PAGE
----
23-year-old rapper, Zakwe, is a young man with a steep road ahead of him. He has chosen a path that is littered with casualties. He has chosen to venture into a world that applauds shallow thought and rampant avarice. He has chosen to be a rapper!
The journey to Hip Hop stardom is a perilous one. Most get booed until they dissolve into a puddle of tears and the rest get strangled by dismal sales or pummeled by the rising cost of looking like you have money, or all of the above.
So just by jumping into this precarious world Zakwe already has his work cut out for him. But instead of just going with the swagerrous flow he has opted to swim against the tide. No frills, no funny dance-step and no lies about BMWs. What you get from a Zakwe track is a whole lot of lyrics, mountains of verses and some words sprinkled over all of it. The beat seems to be an afterthought. It’s clear where he wants your attention focused. The brother is not trying to make you dance or dream of riches. He wants you deep in thought about…um…to be honest, he lost me in the vernac.
The torrential downpour of Zulu washed my attention away instead of drawing me in. I found the verbiage to be quite cumbersome. But what do I know? I’m quite the girly-girl when it comes to Hip Hop. I like my Hip Hop well-marinated in bass, deep-fried in swag with a side order of dance. Rick Ross, Drake and J. Cole are my people. When I want to get ‘deep’ I turn to my bookshelf for the treasured company of Tolstoy, Marquez and Morrison.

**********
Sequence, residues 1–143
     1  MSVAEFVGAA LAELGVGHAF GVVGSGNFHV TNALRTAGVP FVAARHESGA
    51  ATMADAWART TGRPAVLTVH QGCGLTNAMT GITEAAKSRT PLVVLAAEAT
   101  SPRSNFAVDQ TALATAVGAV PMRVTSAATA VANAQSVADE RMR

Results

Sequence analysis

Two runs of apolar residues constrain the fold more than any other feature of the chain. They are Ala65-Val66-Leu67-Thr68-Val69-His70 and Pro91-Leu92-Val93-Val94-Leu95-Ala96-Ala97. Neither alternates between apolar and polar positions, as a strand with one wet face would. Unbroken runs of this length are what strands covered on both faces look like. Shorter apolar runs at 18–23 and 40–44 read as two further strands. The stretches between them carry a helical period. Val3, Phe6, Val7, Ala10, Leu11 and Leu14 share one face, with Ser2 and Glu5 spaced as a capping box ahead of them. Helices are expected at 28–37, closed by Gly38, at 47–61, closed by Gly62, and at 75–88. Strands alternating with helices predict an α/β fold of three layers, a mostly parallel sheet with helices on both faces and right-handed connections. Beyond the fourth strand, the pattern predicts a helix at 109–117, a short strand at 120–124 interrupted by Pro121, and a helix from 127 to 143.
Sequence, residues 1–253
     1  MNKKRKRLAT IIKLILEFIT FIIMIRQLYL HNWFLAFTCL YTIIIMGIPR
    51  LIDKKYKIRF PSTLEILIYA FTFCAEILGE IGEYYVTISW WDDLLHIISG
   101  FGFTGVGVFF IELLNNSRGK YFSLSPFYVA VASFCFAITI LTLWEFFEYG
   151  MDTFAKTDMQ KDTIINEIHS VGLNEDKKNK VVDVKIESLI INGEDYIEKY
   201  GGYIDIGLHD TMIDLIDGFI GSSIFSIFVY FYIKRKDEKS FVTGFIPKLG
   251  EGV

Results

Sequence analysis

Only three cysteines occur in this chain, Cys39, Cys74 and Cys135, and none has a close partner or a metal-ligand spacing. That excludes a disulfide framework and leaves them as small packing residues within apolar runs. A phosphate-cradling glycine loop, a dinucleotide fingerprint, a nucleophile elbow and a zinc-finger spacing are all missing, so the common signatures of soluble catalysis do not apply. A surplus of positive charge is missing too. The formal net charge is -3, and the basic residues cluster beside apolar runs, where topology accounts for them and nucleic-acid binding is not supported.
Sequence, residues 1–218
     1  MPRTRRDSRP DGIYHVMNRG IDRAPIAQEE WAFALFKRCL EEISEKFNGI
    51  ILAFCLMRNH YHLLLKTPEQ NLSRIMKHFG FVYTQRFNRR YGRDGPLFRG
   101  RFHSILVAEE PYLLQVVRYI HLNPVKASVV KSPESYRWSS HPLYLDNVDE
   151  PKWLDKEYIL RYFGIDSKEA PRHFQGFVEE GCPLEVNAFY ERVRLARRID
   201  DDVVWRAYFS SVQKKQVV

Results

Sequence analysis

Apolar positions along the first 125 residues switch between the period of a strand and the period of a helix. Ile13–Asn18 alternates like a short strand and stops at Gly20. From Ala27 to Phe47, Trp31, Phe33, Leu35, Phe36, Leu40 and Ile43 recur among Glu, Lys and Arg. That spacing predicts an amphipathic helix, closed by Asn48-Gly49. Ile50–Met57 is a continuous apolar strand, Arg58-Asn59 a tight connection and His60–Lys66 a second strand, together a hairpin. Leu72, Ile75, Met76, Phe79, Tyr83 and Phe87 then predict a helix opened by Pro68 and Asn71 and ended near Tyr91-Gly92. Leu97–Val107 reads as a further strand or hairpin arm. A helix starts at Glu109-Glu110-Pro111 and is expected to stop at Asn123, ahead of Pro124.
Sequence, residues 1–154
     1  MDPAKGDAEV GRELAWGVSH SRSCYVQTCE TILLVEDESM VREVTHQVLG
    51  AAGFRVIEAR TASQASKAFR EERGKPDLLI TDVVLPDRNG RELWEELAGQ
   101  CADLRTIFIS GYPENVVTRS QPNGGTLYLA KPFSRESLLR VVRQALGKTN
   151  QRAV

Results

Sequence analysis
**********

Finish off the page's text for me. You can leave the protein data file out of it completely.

Fortunately for Zakwe the number of people who suffered the same fate as me seems to be a small one. Overall, his appearance on the scene is being met with applause and respect. His single ‘Benzani’ is enjoying a generous amount of attention on radio. It even reached number one on Yfm’s Hot 99 Hip Hop countdown. He sees the role of rapper in today’s society as being, “To paint a picture in a rhyming format and be the mirror of the concept of a track.” Pretty vague, but it seems to be working for him.
Zuluboy, Pro, Proverb, Abdus, Mr. Selwyn, and AKA make the list of his favourite rappers. There is a theme running through this list. These are guys who have tried to carve out their own identity in the music scene, as opposed to regurgitating what is already being done. It’s no surprise then that his advice to young rappers is, “Don’t do what sells, sell what you do!”
That may be the key to surviving the perils of the Hip Hop world. It’s a recipe that’s working well for Zakwe. His decision to turn his back on the fluff and produce music of substance seems to be paying dividends. He kindly answered some questions for this Hip Hop Girly-Girl.
Tell us about your beloved KwaMashu?
I grew up in a place that was feared a lot, and arguably still is. The people there take pride in where they come from. The township is separated in sections; some are dangerous, but when we meet in town, or in other areas, it doesn’t matter which section you’re from. We are one big family – it’s a very supportive and sensitive community.